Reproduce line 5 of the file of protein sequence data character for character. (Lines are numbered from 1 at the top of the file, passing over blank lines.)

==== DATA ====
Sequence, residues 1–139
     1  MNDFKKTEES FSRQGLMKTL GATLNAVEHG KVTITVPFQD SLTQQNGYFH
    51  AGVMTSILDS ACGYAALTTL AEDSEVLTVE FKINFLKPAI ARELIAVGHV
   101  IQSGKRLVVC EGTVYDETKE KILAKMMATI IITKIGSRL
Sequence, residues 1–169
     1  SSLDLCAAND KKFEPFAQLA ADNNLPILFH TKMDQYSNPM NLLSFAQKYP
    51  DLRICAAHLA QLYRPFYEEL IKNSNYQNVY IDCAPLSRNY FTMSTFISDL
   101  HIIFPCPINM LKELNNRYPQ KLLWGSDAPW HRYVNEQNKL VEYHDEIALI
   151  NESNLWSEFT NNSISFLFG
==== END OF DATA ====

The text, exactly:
Sequence, residues 1–169